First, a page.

The label’s Wikipedia page explains how Merge is based in Durham and was founded in 1989 by members of Superchunk. There’s also a book about the label’s history.

Google actually did a video celebrating Merge’s 25th anniversary. It’s embedded below the playlist.


We Are Scientists Is The Best April 22nd Release

Click play to hear eight tracks from LP’s released today. Find the track list below the video.

“No Star” by The Greys from Outer Heaven on Carpark Records

“Please Be Honesty” by Guided by Voices from Please Be Honest on GBV Inc.

“Buckle” by We Are Scientists from Helter Seltzer on 100% Records

“Take All My Loves (Sonnet 40)” by Rufus Wainwright from Take All My Loves: 9 Shakespeare Sonnets on Deutsche Grammophon

“Either Way” by Sorority Noise from It Kindly Stopped for Me on Top Shelf Records

“Real Good Day” by Cellars from Phases on Manifesto Records

“Temple” by Matthew & The Atlas from Temple on Communion Music

“Internal Exile” by Wire from Nocturnal Koreans on Pink Flag Records

Me And Mike Snow on The Plane

Airplane rides are great for taking in an album through some high quality headphones without interruption. The flight from Los Angeles to Philadelphia that introduced me to Chvrches The Bones of What You Believe is the reason I now target two or three albums for download on my Google Play Music app before every trip.

Flying from Los Angeles to Chicago on Tuesday I listened to the new Mike Snow album, iii. I posted about it when it came out on March 4th, and a couple of its tracks have made my 2016 Radio playlist already, but this was my first chance to take in the whole thing through my noise canceling earphones start to finish.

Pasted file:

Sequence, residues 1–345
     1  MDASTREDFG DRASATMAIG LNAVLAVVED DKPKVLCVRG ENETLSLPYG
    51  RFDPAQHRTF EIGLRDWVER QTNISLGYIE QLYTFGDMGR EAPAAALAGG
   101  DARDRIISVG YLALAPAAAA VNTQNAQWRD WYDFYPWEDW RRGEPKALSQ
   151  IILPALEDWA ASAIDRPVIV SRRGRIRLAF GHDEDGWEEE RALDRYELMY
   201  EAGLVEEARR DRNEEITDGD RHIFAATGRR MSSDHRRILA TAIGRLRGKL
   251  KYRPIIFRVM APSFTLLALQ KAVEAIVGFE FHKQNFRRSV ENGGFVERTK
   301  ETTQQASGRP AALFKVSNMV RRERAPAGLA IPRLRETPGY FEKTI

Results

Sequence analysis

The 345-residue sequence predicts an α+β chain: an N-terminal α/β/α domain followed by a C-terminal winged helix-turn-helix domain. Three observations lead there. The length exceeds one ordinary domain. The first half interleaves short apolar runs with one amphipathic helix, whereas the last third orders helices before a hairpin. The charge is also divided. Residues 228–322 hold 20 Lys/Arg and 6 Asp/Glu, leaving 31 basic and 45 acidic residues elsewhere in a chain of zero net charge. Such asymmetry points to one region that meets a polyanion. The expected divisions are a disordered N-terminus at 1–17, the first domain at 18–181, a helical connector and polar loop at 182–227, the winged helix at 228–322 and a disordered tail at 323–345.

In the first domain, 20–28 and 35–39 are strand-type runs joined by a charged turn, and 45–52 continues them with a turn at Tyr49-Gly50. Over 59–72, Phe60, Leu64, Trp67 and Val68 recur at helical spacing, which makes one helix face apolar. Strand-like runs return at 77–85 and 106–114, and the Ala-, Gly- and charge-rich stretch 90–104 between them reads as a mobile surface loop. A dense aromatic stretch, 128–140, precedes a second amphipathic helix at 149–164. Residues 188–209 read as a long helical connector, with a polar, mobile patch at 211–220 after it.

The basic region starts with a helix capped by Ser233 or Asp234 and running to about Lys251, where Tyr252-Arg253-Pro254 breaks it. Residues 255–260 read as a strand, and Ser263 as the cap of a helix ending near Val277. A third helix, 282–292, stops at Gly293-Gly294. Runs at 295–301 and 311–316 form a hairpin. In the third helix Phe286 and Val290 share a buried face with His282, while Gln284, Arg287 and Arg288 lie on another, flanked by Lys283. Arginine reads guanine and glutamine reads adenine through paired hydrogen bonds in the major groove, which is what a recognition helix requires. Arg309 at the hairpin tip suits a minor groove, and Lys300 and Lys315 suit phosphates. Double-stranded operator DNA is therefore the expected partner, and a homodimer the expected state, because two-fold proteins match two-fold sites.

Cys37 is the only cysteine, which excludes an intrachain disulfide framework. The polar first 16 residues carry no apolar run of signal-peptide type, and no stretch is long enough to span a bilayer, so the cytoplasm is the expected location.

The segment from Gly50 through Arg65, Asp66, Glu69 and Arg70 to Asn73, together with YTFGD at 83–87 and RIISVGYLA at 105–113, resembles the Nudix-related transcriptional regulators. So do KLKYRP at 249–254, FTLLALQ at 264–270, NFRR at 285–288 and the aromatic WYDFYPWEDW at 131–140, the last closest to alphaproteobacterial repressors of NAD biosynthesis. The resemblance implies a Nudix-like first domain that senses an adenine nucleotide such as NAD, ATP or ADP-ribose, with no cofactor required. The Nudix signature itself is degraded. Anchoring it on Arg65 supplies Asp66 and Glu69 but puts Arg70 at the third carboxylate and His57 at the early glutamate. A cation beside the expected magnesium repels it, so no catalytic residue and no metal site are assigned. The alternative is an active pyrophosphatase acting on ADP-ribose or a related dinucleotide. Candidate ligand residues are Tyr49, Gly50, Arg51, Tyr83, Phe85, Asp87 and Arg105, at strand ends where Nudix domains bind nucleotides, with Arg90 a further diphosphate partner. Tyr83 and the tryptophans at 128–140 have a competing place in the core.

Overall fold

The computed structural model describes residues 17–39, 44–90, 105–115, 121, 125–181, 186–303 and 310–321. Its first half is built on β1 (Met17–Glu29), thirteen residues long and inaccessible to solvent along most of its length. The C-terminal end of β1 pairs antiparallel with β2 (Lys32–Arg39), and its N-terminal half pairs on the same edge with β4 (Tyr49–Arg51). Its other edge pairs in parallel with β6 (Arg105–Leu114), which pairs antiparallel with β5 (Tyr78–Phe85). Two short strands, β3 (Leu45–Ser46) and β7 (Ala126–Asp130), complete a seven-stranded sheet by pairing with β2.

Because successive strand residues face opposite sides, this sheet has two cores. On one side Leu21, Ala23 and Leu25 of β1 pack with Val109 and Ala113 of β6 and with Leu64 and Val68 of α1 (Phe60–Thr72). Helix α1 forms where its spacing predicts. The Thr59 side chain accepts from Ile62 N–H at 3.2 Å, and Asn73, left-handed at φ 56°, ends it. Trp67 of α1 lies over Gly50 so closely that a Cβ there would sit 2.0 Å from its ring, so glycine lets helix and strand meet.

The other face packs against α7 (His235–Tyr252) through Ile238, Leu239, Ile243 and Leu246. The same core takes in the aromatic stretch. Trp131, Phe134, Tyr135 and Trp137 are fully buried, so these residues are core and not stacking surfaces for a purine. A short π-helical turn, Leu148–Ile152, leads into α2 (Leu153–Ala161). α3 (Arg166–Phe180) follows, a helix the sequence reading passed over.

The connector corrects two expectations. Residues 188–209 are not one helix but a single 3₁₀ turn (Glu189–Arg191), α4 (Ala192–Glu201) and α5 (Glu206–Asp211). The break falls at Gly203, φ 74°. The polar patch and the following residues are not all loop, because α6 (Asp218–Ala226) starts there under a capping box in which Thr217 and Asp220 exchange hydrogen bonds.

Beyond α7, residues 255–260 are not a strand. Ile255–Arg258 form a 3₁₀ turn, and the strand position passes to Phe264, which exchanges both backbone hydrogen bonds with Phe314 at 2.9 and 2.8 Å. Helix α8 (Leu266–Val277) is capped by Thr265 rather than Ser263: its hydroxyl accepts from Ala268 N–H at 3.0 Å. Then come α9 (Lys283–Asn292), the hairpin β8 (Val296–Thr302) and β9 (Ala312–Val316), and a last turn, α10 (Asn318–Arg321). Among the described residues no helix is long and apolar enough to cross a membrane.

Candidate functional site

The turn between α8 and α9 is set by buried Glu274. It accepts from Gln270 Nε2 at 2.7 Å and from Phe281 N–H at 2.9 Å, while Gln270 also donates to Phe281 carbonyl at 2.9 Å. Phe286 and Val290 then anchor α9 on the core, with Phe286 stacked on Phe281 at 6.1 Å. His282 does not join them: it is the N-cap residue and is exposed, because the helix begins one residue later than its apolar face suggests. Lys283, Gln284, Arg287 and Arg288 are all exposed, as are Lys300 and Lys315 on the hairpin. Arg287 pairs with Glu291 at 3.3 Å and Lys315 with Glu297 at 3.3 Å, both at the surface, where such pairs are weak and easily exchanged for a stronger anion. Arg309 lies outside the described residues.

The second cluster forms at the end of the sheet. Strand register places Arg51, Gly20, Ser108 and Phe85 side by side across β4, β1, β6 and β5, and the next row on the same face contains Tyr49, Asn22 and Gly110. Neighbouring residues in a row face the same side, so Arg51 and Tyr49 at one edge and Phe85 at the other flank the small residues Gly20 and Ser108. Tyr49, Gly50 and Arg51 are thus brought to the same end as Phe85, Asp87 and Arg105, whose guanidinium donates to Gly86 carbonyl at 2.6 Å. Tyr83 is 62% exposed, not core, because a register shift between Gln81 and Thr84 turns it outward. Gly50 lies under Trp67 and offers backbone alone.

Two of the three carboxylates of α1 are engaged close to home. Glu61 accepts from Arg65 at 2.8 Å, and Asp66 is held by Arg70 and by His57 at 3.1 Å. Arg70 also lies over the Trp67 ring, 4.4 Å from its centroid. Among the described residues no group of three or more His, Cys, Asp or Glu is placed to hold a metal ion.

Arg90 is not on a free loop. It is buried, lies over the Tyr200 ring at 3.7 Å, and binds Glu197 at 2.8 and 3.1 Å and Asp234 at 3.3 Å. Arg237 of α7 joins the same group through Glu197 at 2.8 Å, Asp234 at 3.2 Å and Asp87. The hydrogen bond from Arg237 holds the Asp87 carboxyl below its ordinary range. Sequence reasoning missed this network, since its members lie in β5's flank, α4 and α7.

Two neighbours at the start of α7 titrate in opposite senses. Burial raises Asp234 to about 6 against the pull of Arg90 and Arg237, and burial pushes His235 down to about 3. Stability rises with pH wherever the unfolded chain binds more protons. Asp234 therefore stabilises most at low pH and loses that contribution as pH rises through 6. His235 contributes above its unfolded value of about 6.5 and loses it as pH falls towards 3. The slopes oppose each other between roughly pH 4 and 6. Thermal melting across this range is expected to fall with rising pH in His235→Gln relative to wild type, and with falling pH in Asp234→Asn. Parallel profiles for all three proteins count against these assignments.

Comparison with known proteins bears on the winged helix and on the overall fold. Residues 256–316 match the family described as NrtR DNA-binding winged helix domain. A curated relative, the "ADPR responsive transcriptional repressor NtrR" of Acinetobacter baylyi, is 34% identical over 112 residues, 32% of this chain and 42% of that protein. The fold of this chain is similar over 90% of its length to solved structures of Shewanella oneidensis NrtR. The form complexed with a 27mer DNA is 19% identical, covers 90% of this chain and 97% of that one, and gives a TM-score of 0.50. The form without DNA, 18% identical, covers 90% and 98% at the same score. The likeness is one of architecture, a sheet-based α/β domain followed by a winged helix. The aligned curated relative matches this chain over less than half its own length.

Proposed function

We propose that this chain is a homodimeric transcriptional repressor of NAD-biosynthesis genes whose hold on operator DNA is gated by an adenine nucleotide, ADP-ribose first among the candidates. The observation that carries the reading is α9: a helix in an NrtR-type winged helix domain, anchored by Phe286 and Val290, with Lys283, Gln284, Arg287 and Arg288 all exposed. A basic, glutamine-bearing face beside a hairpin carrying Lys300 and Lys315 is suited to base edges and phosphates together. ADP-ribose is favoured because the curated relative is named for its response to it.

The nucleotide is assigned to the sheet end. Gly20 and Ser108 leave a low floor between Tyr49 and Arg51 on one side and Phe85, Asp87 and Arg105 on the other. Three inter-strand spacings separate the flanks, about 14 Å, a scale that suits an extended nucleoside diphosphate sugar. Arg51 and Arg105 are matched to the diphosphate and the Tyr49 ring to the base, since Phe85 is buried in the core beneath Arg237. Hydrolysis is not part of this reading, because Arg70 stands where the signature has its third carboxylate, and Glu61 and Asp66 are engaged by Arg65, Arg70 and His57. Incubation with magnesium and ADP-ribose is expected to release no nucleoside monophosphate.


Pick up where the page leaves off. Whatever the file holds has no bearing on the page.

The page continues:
It’s over before it even starts. That’s how quick the album feels. The production, the vocals, the lyrics even (which you don’t automatically expect from an electronic album)–they march right through you and then they’re gone. You miss so much of what’s good about this kind of music when you listen to it in snatches, the way I do, through tinny computer speakers.

Here are three tracks that you must plug in and listen to right now. Then treat yourself to the whole album.

“Genghis Khan”

“Heart Is Full” (Feat. Run The Jewels)

“I Feel The Weight”


Sturgill Simpson’s “Keep It Between The Lines” is Horn-Driven Fun

Jeff and I were pretty dismissive of the two A Sailor’s Guide To Earth singles that were released before the album last Friday, but “Keep It Between The Lines” is redeeming the project for me. Jeff was particularly irritated by the apparent aping of Townes Van Zandt implied by the guitar and the drawl.

But there’s more to this album than self-loathing twang. There’s almost a Van Morrison vibe, what with all the horns.

It’s a win for me.

New Sturgill Simpson Tops Your April 15th New Release Mixtape (But Don’t Miss That Gallant Track)

Happy New Release Day (taxes be damned). To celebrate, we’re featuring nine songs from albums released today, April 15th.


Click the three horizontal lines in the top left corner of the player to see the song list

Sturgill Simpson, “Brace for Impact (Live A Little)” from A Sailor’s Guide To Earth on Atlantic

Kevin Morby, “Dorothy,” from Singing Saw on Dead Oceans

Sam Beam and Jessica Hoop, Soft Place To Land,” from Love Letter For Fire on Sub Pop

PJ Harvey, “Community of Hope,” from The Hope Six Demolition Project on Island Records

Edward Sharpe & The Magnetiz Zeros, Hot Coals,” from PersonA on Community Music

Graham Nash, “This Path Tonight,” from This Path Tonight on Blue Castle

Willie Sugarcapps, “Dreamer’s Sky,” from Paradise Right Here on Baldwin County Public Records

Eskimeaux, “Bulldog,” from Year of The Rabbit on Double Whammy Whammy

Gallant, “Bone + Tissue,” from Ology on Mind of A Genius